There is a growing concern in Nigeria over the rise of military jet crashes that have been taking place since 2015. This became more apparent after the Beechcraft Aircraft fatally crashed in Kaduna, killing the Chief Army of Staff, Ibrahim Attahiru and 10 other officers aboard.
The latest crash was the second time Nigeria would lose an army chief in an air crash. In May 1968, an air crash had cut short the career of then army chief, Joseph Akahan exactly one year into his reign. Although they have been crashes involving Air Force plane from time-to-time, the frequence is now increasing, given rise to concerns within the security and aviation circles. Stakeholders have raised the alarm and advocated for thorough investigation to stem the tide and improve the safety record of the military. They also advocated for instituting proper maintenance culture to avert further disaster.
Since 2015, there have been eight accidents involving military planes, four of which happened in Kaduna, two in Abuja, one in Adamawa and one in Borno state. Also in 2018, a Nigerian Air Force, F-TNi aircraft taking part in the rehearsals for the aerial display to mark Nigeria’s 58th independence anniversary celebration was involved in a crash, killing the pilot.
Moreover in 2021, the military has recorded two fatal crashes in the space of three months. On February 21, a Nigerian Air Force King Air 350 went down near the Abuja airport killing seven people who were young officers on board. They were said to be embarking on a mission in Minna, Niger State.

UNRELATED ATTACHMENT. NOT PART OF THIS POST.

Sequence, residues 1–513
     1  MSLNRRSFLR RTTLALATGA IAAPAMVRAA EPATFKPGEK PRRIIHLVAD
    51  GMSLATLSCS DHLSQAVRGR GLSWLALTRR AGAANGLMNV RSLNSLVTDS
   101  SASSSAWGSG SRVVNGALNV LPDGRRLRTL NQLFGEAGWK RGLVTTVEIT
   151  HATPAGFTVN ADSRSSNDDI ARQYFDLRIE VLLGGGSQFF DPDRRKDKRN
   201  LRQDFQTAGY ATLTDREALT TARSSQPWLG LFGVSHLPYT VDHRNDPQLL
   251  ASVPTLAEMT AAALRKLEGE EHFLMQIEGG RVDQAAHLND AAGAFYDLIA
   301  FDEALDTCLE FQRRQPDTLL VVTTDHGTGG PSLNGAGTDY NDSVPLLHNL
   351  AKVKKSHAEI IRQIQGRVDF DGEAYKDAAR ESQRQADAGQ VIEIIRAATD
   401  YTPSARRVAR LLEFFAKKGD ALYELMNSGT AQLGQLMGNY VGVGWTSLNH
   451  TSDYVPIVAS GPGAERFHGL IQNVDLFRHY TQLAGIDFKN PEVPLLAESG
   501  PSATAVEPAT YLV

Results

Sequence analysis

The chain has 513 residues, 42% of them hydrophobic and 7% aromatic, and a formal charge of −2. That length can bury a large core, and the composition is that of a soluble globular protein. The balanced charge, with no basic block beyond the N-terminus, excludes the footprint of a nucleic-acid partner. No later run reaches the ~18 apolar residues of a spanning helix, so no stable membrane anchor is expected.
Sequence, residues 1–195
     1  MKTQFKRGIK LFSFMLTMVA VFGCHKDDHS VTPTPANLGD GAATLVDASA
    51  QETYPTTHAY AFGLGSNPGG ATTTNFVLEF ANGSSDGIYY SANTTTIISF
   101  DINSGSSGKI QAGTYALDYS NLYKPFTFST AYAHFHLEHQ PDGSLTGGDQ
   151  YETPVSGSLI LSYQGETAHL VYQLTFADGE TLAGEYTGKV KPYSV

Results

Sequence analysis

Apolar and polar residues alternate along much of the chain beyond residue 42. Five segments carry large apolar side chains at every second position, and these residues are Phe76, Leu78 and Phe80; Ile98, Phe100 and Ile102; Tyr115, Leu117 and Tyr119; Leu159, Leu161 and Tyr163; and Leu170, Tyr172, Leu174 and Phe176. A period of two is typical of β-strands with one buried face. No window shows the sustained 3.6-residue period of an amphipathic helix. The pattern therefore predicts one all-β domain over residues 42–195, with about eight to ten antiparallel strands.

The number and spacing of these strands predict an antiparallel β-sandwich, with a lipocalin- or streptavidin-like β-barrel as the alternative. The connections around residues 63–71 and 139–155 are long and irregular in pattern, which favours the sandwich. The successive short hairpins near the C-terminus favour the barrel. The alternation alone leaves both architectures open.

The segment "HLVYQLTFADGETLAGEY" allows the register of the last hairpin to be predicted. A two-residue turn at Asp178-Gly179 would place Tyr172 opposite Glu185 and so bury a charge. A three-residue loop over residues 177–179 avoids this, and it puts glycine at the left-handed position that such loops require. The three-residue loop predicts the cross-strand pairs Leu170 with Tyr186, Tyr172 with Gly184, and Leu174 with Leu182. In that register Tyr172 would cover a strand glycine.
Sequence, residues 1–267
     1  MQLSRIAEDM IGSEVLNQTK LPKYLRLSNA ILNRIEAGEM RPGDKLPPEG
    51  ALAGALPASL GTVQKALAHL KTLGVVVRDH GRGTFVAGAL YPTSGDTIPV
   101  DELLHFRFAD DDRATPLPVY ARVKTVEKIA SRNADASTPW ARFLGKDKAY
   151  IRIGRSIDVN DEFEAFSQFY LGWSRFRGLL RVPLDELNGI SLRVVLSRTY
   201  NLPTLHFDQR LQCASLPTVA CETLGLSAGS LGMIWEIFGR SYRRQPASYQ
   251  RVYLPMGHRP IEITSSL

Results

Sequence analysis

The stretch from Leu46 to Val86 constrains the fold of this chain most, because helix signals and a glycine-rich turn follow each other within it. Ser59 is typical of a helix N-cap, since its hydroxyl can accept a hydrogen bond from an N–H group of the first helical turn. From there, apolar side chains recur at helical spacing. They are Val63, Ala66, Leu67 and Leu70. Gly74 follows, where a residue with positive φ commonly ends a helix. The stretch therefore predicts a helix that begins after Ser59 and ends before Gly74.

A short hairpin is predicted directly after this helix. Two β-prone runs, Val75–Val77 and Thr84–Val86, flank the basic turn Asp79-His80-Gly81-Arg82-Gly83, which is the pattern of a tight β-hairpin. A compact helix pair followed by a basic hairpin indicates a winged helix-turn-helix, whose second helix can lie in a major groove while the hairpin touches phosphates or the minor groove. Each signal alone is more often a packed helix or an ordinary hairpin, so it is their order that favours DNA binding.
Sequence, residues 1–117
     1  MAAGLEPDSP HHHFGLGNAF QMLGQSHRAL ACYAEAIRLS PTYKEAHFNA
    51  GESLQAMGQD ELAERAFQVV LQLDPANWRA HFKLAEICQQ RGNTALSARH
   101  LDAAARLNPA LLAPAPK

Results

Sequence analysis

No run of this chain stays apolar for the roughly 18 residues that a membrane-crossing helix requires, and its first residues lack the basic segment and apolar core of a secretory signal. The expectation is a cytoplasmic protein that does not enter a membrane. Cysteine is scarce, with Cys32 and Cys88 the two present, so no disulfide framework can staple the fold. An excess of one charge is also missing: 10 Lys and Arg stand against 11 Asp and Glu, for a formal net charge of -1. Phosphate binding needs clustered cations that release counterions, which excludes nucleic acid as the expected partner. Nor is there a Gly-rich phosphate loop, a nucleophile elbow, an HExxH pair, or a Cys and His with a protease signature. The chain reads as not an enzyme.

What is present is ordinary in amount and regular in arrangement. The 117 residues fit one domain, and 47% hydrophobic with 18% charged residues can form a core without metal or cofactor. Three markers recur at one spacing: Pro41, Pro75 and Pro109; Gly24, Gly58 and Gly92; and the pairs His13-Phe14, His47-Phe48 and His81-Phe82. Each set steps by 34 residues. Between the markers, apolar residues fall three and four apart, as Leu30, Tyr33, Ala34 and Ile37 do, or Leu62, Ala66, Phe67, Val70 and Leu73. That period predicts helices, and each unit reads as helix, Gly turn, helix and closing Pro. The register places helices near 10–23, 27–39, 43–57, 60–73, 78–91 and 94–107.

Also, on March 31 2021, NAF spokesman, Air Commodore Edward Gabkwet, announce that an Alpha Jet aircraft on a mission against Boko Haram had lost radar contacts. 2 officers were on board of this missing jet which was later declared crashed. Days later, Boko Haram released a video showing the crashed jets and dead crew members.
It was learnt that the Beechcraft aircraft on Friday landed a minute before 6 at the Kaduna International Airport but suddenly lifted off the runway and came down immediately near the perimeter fence and burst into flames. An air traffic official said it was a weather issue, which could either be the passage of wind shear or line squall.
Furthermore, an aviation expert and former managing director of the Nigerian Airspace Management Agency, Captain Ado Sanusi stressed the need to take a holistic review of the entire operation of the Air Force with a view to ascertaining, if there are specific problems that need to be addressed.
Aviation watchers as well believe the Air Force should properly investigate other Beechcraft King Air planes on its fleet in order to prevent further crashes.
The Accident Investigation Bureau said it is on standby to provide technical assistance to the Nigeria Air Force in investigating the ill fated crash.